The other factors that drew me to the issue of control were the increased risk of femicide when the victim has “been separated from an abusive partner after [they had] lived together (Campbell, et al. , 2003, pp. 1091, 1092). And finally, that “having a child living in the home who was not the abusive partner’s biological child more than doubled the risk of femicide” (Campbell, et al. , 2003, p.

1092).Taking into account the social construct that men be their family’s earners, protectors, eaders, and fathers, each of the previously mentioned risk factors is an example of a direct “failure” on the abuser’s part regarding what society expects of a man. The obvious answer in all of this would seem to be that women need to be wary of entering into live-in relationships if the male is unemployed, lacks a college education, and/or if a non-biological child will be a part of the new “family. ” However, this isn’t realistic as few people can control whom they fall in love with, and not all men who fit into one or more of these categories is going to be an abuser at all or will eventually commit femicide.It also seems obvious that if abuse is a “67%-80%” indicator of the potential for femicide, women who experience any physical abuse what-so-ever should pack their things and leave. Unfortunately, leaving isn’t easy for reasons that range from emotional attachment to a lack of alternate living arrangements.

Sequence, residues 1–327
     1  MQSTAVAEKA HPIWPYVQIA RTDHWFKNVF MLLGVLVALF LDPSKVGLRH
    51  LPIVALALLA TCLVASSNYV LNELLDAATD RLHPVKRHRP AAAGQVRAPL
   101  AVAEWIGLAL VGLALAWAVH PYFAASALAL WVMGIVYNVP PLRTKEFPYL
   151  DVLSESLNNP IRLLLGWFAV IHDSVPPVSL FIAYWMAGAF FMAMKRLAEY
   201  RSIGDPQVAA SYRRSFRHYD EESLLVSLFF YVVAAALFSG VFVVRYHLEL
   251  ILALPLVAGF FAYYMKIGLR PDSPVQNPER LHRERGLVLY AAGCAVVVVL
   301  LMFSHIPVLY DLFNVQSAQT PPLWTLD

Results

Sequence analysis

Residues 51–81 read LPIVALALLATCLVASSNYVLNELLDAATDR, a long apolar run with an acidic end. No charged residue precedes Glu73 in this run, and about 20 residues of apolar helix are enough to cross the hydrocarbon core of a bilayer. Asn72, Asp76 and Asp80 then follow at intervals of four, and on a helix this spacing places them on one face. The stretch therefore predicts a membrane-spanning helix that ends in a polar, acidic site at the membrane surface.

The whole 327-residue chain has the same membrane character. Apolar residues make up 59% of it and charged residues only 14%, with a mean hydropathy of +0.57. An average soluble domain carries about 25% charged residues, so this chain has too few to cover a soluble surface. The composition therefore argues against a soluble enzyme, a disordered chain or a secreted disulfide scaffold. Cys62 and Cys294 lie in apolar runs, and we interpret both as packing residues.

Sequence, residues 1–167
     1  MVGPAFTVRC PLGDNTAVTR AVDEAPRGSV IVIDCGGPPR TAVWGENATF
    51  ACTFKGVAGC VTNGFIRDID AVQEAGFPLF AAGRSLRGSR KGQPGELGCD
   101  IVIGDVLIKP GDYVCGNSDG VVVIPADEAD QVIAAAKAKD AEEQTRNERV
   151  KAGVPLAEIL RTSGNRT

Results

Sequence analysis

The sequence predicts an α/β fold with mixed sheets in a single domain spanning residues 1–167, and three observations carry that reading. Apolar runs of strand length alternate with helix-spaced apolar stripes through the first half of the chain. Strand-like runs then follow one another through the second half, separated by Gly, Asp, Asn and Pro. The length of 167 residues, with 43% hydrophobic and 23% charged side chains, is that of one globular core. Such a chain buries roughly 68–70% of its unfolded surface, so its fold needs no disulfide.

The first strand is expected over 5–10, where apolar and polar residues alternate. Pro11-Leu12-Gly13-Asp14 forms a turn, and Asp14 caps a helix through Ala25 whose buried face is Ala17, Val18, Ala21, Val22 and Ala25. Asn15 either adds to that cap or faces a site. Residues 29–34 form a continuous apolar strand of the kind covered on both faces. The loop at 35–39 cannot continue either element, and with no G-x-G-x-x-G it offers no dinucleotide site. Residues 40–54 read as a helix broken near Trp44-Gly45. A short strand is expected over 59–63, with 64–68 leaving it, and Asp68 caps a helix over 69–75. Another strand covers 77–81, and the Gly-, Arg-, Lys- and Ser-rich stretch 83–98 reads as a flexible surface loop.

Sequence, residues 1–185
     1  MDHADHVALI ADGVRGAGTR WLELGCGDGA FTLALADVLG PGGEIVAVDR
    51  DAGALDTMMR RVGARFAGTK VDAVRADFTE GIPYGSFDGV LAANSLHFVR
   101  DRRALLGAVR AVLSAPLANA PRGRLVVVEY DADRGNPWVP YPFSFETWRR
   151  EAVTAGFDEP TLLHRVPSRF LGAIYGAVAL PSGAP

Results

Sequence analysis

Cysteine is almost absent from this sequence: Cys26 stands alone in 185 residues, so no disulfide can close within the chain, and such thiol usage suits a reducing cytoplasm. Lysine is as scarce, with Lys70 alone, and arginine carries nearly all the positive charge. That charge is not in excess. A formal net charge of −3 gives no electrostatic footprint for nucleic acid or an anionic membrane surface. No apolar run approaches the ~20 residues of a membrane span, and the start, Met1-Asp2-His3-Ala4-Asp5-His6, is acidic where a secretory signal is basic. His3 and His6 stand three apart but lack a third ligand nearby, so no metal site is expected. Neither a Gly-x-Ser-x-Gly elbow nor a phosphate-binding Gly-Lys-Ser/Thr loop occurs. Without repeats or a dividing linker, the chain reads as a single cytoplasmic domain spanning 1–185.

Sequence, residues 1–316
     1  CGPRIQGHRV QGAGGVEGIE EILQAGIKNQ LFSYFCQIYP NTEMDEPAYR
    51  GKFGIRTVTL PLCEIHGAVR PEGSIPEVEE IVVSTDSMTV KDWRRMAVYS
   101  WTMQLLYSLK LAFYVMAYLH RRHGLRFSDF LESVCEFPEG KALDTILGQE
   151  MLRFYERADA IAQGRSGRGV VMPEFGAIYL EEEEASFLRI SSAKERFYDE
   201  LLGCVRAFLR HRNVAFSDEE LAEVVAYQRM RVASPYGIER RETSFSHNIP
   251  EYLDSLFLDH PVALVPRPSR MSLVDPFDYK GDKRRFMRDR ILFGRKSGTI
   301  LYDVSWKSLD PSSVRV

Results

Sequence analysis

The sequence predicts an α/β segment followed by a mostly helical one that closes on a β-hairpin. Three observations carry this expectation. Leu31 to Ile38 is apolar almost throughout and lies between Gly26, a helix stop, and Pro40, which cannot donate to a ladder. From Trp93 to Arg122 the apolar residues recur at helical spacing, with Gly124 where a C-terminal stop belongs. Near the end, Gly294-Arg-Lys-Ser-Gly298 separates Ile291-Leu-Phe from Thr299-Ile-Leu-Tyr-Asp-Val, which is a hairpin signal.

What’s even worse is that “the risk of intimate partner femicide [is] increased 9-fold by the combination of a highly controlling abuser and the couple’s separation after living together” (Campbell, et al. , 2003, p. 092).It appears that even if a women senses danger, she may be faced with a lose-lose situation. If she stays, the circumstances may escalate into further violence and possibly her death; however, if she leaves, her abuser may pursue her and kill her.

“Risk Factors for Femicide in Abusive Relationships: Results from a Multisite Case Control Study” attempts to end on a somewhat positive note by pointing to “the role medical professionals might play in identifying women at high risk of intimate partner femicide,” and tating that “often, battered women like the idea of a health care professional notifying the police for them” (Campbell, et al. , 2003, p. 1095).Unfortunately, this ray of hope is dimmed by the information that “with the exception of California, states do not require health care professionals to report to the criminal justice system unless there is evidence of a felony assault or an injury from an assault, [.

. . and that . . . ] in states other than California [.

. . ] the women should have the final say [in reporting]” (Campbell, et al. 2003, p. 1095).

The study certainly proves any woman entering into a potentially intimate relationship needs to proceed with great caution before allowing that relationship to move forward. This caution is even more important for women who have partial or total custody of children from a previous relationship. Frankly, the overall picture painted by Campbell, et al. ’s study is a gloomy one. It seems to indicate that the challenge of ending a cycle of abusiveness in intimate relationships is an almost impossible task.